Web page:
"A compelling account based on exhaustive primary research that re-creates the mindset of politicians, the press, and other policymakers as they make the momentous decision to go to war in 1917. Many know the maritime military dimensions of warfare--here is a story that shows the maritime dimensions of diplomacy and how the rights of American merchant marines mattered in the minds of those in charge."--Timothy G. Lynch, California Maritime Academy
"Scholarly yet accessible, a nice piece of research, especially in primary documents. This is a highly original book on a relatively neglected historical period."--Joshua M. Smith, U.S. Merchant Marine Academy
While numerous studies have examined Woodrow Wilson's policy of neutrality prior to U.S. entry into World War I, none has focused on the actual merchant ship losses that created the final casus belli. This work focuses on what the president knew and when he knew it concerning the loss of ten ships between February 3 and April 4, 1917. By looking at the specifics, Rodney Carlisle offers new explanations for the reasons that led the president, the cabinet, the public, and Congress to decide for war.
Sovereignty at Sea not only adds much to our understanding of maritime and diplomatic history during the First World War period but also speaks to contemporary concerns with issues surrounding the U.S. justification for wars.
Rodney Carlisle, professor emeritus of history at Rutgers University, is the author or editor of over thirty books, including Sovereignty for Sale and Powder and Propellants.
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"The unbiased narrative is well-researched and accessible to most adult readers."
--Reference and Research Book News
"Carlisle... has a gift for writing as if he were a member of Wilson's inner circle by mixing skillful prose with meticulous research of Wilson's papers and archives from the Library of Congress. Carlisle deserves praise for over-turning the conventional wisdom that has predominated for nearly a century that the sinking of the passenger ship Luisitania and the interception of the Zimmerman Telegram were the dual causes of the entry of the United States into the war."
"Carlisle demonstrates that the image of unrestrained German aggression is misunderstood. He convincingly shows that German attacks on US shipping during the period of American neutrality were often the result of mistakes and/or US failures to identify vessels. Highly recommended."
--CHOICE, Vol. 48 No. 03
"Blends together military, diplomatic, social, and maritime history into a concise narrative that is well documented with primary sources and supported with numerous charts and illustrations."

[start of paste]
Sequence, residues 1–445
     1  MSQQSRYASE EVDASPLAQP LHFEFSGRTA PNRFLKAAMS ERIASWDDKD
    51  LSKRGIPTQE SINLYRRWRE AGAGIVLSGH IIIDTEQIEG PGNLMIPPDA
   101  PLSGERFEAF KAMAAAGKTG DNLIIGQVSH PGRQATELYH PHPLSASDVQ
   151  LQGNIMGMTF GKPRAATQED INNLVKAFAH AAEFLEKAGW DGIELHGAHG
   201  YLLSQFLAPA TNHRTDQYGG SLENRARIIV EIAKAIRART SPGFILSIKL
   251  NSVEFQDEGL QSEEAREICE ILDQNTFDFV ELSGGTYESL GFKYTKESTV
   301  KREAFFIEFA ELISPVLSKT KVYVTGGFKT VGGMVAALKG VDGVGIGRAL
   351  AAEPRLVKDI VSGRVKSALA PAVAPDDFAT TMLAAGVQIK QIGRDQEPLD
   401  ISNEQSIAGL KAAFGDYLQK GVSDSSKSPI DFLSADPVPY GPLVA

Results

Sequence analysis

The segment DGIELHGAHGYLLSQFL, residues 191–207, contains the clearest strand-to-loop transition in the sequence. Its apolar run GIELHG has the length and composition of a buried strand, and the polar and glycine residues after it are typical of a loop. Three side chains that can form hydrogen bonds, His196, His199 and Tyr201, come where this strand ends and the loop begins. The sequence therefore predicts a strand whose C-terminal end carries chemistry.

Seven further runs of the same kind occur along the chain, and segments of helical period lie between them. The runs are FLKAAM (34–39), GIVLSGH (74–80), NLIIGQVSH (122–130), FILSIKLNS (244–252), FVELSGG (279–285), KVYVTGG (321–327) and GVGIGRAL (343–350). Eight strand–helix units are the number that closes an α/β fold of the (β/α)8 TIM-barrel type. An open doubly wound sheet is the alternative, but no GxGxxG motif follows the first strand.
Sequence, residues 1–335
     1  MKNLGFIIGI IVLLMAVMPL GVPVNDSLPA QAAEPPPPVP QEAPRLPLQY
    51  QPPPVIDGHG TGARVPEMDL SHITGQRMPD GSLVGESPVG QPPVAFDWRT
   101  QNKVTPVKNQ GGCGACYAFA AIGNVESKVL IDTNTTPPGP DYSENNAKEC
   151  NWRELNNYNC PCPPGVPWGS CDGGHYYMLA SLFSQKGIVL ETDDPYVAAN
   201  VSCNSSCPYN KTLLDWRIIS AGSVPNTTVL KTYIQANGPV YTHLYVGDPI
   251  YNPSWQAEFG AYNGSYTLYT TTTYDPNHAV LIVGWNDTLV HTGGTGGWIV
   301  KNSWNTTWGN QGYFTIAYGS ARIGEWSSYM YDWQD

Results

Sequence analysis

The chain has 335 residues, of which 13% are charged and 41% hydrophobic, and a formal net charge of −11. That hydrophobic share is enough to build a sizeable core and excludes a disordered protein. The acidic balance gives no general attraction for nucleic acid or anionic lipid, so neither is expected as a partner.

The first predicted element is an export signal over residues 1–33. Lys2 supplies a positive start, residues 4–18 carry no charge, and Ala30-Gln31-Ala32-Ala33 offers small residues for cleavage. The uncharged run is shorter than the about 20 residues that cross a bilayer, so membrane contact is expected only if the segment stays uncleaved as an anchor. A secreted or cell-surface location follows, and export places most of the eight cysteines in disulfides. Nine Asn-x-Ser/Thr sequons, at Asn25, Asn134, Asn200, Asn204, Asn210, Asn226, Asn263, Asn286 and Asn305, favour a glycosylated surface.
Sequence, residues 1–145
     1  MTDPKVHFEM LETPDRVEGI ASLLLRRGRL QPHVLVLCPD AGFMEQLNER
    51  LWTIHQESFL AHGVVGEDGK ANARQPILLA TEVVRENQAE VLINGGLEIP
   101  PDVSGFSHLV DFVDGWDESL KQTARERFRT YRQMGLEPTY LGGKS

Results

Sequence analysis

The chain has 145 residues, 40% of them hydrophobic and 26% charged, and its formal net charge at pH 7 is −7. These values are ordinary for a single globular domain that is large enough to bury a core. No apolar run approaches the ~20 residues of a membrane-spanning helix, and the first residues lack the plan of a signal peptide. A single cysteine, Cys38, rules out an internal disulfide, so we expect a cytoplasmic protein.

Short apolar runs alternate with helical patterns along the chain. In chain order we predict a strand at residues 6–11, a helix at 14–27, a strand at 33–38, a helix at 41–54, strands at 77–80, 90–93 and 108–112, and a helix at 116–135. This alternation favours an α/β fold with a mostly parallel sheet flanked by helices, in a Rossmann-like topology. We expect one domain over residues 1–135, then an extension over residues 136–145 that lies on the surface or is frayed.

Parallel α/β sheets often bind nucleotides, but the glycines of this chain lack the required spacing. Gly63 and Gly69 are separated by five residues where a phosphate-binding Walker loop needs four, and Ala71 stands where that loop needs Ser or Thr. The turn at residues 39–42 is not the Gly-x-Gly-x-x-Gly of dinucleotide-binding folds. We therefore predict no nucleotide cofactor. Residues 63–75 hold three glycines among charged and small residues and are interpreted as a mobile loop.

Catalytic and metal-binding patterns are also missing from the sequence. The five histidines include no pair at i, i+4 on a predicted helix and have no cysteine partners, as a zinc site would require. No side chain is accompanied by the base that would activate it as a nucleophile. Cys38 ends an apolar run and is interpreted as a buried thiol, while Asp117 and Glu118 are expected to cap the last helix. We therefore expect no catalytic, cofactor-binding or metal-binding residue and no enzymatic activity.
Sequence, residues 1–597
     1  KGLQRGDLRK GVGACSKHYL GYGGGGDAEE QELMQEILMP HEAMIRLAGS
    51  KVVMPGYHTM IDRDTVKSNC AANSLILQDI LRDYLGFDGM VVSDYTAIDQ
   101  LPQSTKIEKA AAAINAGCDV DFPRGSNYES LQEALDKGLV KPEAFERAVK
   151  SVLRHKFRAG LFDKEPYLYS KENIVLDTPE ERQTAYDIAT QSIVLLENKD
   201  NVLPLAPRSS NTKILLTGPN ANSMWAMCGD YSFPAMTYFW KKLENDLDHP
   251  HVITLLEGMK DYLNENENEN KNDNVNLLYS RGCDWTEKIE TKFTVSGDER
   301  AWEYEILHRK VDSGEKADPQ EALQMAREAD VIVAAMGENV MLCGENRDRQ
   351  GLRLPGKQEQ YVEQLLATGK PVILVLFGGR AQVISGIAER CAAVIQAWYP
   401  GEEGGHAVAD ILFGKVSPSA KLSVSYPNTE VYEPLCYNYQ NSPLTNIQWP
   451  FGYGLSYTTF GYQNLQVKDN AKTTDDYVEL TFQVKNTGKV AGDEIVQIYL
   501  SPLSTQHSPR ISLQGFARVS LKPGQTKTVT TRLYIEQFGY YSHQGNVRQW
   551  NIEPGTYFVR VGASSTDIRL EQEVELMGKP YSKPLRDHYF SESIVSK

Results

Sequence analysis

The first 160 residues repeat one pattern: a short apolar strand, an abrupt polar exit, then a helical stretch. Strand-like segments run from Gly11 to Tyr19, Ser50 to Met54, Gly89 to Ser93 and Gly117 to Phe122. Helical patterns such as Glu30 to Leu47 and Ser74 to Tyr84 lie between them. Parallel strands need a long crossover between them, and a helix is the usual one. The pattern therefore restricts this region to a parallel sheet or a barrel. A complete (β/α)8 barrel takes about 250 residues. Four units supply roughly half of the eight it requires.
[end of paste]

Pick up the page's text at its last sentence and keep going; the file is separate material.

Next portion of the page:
"Fills a crucial void in the First World War historiography in understanding how the United States came to enter the conflict and subsequently emerge a superpower."
--Sea History, vol. 134
His narrative takes the reader to Pless Castle in Silesia for the deliberations of the Kaiser and his war cabinet concerning the resumption of unrestricted submarine warfare, on board the SS Vigilanica, the first American ship deliberately sunk by the Germans without warning, and to the halls of Congress and the White House for the final debates. Blends together military, diplomatic, social, and maritime history into a concise narrative that is well documented with primary sources and supported with numerous charts and illustrations.
--Sea History 134
"The author of this study examines American maritime activities in the months preceding President Woodrow Wilson's April 1917 declaration of war against Germany that brought the United States into the First World War. His examination of the press, public opinion, and congressional debate, or lack thereof, surrounding the loss of ships is noteworthy. Carlisle has compiled a significant history for this brief period in time that had been relegated to the back pages of America's road to war and the controversy surrounding Wilson's actions leading to that war."--The Historian
"This slim volume by Rodney Carlisle, Emeritus Professor of History at Rutgers University, retells a story that every competent American historian thinks he or she knows all about, only to find in the pages of this book that there is much more to be learned, even at this late date.Carlisle's book takes us back to a bygone era when diplomacy was carried on with rigorous attention to detail by men who observed all the traditional protocols and paid careful attention to the provisions of the Constitution and the letter of the law, both international and domestic."
--International Journal of Maritime History